Environmental Protection and the Bottom Line

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She came to the U.S. Environmental Protection (EPA) a moderate Republican seemingly determined to strike a balance between environmental and business issues. She left the agency just over two years later, an allegedly disillusioned leader exhausted from too-frequent clashes with the Bush administration's pro-growth conservative forces.

Christine Todd Whitman, New Jersey's first woman governor and Carol Browner's successor as EPA administrator, announced her resignation in May, effective June 27. Although Whitman officially cited family as the motivator of her decision, most political observers view the move as a calculated pre-election departure.

Whitman's declaration comes on the heels of Air Fleisher's announcement that he would be stepping down from his post as White House spokesperson. According to The Wall Street Journal, Bush advisers said that senior administration figures wishing to leave their posts were "told to do so no later than this fall to avoid any appearance of disunity during the campaign."

The Bush administration has been under fire from environmental and other non-governmental organizations for its conservative "pro-business" approach to environmental protection. In fact, PERC, the Center for Free Market Environmentalism, gave the administration a "C-" for environmental and natural resources policy when it issued its mid-term report card in January of this year.

In response to Whitman's announcement, New York-based Environmental Defense urged the president "to appoint a strong and committed professional" as the new EPA administrator, "and to follow that person's advice." Despite Whitman's efforts, noted the organization, "over the last two years America has abandoned the fight against global warning and has significantly eased regulations governing emissions from industrial sources and power plants."

Divergence has been apparent even within EPA itself. Last year, Eric Schaeffer resigned from his post as director of the agency's Office of Regulatory Enforcement, citing "frustration about the fate of our enforcement actions against power companies that have violated the Clear Air Act" and personnel cuts within his office.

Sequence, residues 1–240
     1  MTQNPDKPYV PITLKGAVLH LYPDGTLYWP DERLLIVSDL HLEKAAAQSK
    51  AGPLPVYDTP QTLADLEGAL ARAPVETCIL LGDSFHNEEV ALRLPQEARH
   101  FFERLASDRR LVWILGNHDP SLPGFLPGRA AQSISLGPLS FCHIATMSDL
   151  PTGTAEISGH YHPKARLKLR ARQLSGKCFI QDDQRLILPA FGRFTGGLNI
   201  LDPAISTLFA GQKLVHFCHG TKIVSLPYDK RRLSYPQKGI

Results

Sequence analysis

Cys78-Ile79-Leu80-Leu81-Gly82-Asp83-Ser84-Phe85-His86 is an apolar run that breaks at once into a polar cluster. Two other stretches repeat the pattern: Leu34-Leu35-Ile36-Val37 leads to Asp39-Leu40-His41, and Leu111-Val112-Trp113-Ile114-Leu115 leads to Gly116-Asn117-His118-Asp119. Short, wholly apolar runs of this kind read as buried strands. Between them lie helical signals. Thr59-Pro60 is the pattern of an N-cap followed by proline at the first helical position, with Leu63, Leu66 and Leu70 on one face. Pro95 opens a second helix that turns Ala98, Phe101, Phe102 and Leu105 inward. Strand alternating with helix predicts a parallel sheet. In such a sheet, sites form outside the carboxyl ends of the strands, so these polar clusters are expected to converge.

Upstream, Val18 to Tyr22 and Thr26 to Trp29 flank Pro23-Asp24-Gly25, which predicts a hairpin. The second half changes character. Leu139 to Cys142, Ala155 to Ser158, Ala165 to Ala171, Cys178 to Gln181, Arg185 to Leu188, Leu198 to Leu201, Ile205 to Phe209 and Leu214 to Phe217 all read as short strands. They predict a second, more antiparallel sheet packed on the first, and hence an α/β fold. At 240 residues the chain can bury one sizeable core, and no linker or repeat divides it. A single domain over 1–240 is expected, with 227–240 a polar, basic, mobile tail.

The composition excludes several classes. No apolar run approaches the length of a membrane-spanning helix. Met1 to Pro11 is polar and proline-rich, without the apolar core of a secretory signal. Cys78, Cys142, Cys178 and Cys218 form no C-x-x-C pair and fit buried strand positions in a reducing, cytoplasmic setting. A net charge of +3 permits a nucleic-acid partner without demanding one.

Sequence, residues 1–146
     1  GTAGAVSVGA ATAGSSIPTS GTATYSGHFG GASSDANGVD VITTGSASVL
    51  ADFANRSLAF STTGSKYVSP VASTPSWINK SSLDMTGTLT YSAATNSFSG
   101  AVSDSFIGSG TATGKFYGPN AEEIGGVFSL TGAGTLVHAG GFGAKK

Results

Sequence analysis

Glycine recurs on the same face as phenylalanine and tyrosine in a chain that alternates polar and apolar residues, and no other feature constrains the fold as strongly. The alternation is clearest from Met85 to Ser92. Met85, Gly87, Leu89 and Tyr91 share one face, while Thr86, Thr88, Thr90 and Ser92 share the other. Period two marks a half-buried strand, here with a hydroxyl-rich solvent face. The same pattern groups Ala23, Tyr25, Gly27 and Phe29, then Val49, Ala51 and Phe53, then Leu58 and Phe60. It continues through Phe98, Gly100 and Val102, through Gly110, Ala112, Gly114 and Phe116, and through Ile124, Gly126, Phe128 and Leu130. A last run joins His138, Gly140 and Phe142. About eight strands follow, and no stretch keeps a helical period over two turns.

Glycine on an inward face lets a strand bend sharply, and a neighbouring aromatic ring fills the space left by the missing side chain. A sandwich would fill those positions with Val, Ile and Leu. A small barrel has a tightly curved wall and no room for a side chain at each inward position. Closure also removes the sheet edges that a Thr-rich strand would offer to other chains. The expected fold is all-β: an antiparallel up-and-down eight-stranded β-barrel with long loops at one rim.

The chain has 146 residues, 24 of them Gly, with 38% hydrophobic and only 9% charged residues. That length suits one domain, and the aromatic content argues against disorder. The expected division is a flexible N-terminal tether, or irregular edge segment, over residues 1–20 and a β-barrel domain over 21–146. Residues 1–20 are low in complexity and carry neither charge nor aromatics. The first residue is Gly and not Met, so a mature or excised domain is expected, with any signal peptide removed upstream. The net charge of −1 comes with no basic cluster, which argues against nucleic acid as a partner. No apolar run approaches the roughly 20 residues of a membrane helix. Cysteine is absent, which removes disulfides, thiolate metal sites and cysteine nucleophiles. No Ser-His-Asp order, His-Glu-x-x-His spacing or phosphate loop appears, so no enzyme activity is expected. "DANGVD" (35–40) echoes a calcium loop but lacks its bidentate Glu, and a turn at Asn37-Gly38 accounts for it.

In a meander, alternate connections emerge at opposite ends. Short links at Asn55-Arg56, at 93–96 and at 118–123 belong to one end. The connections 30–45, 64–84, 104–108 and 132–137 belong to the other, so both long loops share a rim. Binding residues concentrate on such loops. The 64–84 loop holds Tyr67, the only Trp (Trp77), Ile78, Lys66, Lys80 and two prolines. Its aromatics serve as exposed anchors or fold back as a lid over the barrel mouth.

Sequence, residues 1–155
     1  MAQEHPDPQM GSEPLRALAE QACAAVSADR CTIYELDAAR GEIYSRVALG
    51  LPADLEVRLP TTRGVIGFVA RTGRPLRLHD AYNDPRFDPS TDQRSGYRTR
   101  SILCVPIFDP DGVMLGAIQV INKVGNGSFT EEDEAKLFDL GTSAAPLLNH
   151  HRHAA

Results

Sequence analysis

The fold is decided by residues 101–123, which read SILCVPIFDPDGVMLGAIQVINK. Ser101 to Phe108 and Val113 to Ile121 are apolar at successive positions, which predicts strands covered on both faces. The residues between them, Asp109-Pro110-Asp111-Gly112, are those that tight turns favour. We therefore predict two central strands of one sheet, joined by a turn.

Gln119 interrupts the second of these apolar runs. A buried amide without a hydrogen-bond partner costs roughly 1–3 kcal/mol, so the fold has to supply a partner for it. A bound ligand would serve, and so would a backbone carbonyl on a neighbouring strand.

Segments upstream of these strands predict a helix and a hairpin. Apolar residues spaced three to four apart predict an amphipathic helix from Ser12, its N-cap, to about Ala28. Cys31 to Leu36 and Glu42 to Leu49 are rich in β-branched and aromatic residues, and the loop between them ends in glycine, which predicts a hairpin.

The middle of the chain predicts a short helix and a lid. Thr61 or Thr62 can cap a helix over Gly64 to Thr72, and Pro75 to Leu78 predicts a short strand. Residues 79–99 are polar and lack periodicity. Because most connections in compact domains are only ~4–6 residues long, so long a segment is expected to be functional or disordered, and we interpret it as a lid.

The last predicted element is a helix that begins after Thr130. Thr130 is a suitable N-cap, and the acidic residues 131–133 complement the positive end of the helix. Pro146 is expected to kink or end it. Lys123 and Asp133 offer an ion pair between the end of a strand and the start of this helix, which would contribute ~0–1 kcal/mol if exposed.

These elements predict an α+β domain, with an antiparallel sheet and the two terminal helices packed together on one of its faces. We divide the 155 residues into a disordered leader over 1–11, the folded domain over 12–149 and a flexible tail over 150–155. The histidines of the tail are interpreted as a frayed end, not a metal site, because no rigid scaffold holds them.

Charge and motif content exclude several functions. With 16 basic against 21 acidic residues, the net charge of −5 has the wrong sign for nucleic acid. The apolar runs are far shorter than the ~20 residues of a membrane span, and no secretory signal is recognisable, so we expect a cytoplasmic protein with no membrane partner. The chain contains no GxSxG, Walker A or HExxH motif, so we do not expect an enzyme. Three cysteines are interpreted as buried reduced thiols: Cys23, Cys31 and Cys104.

Under Whitman, EPA has been high on cooperative, voluntary approaches to environmental protection and averse to any major regulatory actions that would be viewed as bad for business.

For obvious reasons, industry groups have been quick to praise Whitman and the Bush administration's effort over the past few years. In a statement, American Chemistry Council President and CEO Greg Lebedev said: "Administrator Whitman changed the EPA by developing a more cooperative approach with the regulated community."

Cash in on changes

For better or for worse, Whitman's successor likely will not be eager to butt heads with the president on key environmental policy. Anticipate a further loosening of regulations aimed at industry, as well as a continued emphasis on voluntary EPA,"industry environmental partnerships such as the National Environmental Performance Track program.

Chemical companies should view the agency's shifting approach as an opportunity to further environmental progress, not to slack off. For too long, EPA's command-and-control structure has forced industry to think of environmental protection as an expense. Yet pollution prevention efforts above and beyond those required by regulations can go a long way toward boosting the bottom line.

A study performed by Michael Russo, a professor of management at the University of Oregon's Charles H. Lundquist College of Business, found that companies adopting higher environmental standards than mandated by existing regulations actually posted higher profits than the firms that simply met the requirements.

The concept is all about the interplay between social responsibility, economic performance and environmental responsibility ," doing the right thing and reaping the rewards.

Consider the Michigan Source Reduction Initiative, a two-year project that brought the National Resources Defense Council (NRDC), a group of local environmental activists and The Dow Chemical Co. together to prevent pollution at Dow's Midland, Mich., site. The project, which examined 13 of the plant's product lines, cost Dow $3.2 million for process-related alternations, but ended up cutting emissions by 43 percent and saving the company $5.3 million per year. Changes ran the gamut from lower-temperature chemical reactions to solvent reuse.

In DuPont's "Sustainable Growth 2002 Progress Report," Chairman and CEO Charles O. Holliday Jr. maintains that the company's goal for this century "is to become a sustainable growth company ," one that creates shareholder and societal value while decreasing our environment footprint along the value chains in which we operate." The company understands the potential value of feedstocks from renewable resources, alternative energy sources and re-engineered processes.

By rethinking existing processes, even the smallest of chemical companies can make positive impacts to the balance sheets. And EPA and the American Institute of Chemical Engineers (AIChE) want to help. EPA provides green engineering information and resources at www.epa.gov/opptintr/greenengineering, and AIChE offers sustainability, source reduction and waste management publications and tools at www.aiche.org/cwrt.

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